Wednesday, January 9, 2019

Evocative Coaching

For years I searched for an alternative to describing my work as "life coaching." There seem to be zillions of people calling themselves life coaches, from Tony Robbins (I can never be that tall) to Gretchen Rubin (I'll never write a book called "Happier at ______"). That doesn't mean I don't admire success, or scads of money, but I do wonder if the "better" life some coaches promise belongs to the maya category (all is illusion). Efforts, in other words, to satisfy clients' egos.

Then I read that after Bill Clinton's first (or second, or third) major disappointment in the Presidency, he held a staff retreat facilitated by Marianne Williamson, Tony Robbins (yep), and Jean Houston. Williamson is said to have a quiet demeanor, but picture Houston and Robbins together: Clash of the Titans! Don't know; wasn't there. What did strike me as hilariously theatrical was Houston's self-description, also shared in an interview with Oprah Winfrey:
"I would call myself an evocateur of the possible, and a midwife of souls." Dr. Jean Houston.
Sometimes my laughter and immediate rejection of an idea are defenses against taking a risk. Sure enough, I couldn't stop thinking about evocateur. Too grandiose, too foreign, too too... yet somehow edgy and intriguing. Out of curiosity I played around at the online Thesaurus and Dictionary. 

As expected, life coaches are described as "helping people to make changes in their lives, to learn new ways of coping, and to function at their maximum potential." Ho hum. Some synonyms: expert, consultant, guide, counselor, mentor, partner, confidant... and in a lighter mode, kibitzer. At the more directive end, I like buttinski.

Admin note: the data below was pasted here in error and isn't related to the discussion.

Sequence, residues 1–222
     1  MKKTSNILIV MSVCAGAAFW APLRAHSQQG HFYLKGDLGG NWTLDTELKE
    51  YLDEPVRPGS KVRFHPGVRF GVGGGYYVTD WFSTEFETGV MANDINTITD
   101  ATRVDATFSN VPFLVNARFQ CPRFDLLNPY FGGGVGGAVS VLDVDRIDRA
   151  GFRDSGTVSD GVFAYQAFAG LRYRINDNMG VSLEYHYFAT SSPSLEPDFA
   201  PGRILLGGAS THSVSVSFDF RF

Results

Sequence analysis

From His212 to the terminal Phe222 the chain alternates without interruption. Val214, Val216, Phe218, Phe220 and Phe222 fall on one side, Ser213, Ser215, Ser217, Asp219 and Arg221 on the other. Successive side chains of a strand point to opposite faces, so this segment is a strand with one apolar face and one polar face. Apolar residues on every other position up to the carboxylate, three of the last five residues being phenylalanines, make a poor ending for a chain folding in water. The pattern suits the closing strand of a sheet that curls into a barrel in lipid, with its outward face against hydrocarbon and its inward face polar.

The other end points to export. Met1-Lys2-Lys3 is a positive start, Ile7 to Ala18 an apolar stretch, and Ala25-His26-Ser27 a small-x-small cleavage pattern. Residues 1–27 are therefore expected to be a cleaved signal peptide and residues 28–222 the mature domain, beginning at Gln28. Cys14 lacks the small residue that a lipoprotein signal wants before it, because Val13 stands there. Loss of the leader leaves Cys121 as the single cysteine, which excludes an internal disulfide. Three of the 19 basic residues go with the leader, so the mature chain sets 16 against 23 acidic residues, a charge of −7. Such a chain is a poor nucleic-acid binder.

Evocateur doesn't appear in either source, but I found evocator and this is my synthesis: 
"Through artistry and imagination, evocators call forth a vision of transformed reality, elicit passion, and summon others into action."
The synonyms for evocator tend to derive from prophet, including predictor, forecaster, oracle, reader, diviner, clairvoyant, seer, soothsayer, and witch. I admit to all, on occasion.

Following this thread, I googled evocateur. The first hit was Jean Houston's site, where this description expands on my synthesis above:
"The times of great change and remarkable opportunity are upon us... we can no longer go it alone, but must partner... to share innovative and creative ways in which to rethink and restructure our individual existence within the context of our expanding global communities. To do this requires a heightened awareness, an awakened sense of purpose, and a dedicated commitment to actively seek out the possible."
Evocateur went too far for me, but more and more I liked the intimations of evocator and coined (I thought) evocative coaching. I found only one use of the term in Evocative Coaching: Transforming Schools One Conversation at a Time, a "teacher-centered, no-fault, strengths-based approach to performance improvement."

I work the same way, based on consciousness (self-awareness), connection (high- trust relationships), competence (celebrate clients' abilities), contribution (honor client's input), and creativity (openness to change, in a flow state).

These authors use "flow state" as described by Mihaly Csikszentmihalyl. If you want to quote me quoting them, remember that Csikszentmihalyl is pronounced, more or less, cheek-sent-me-high.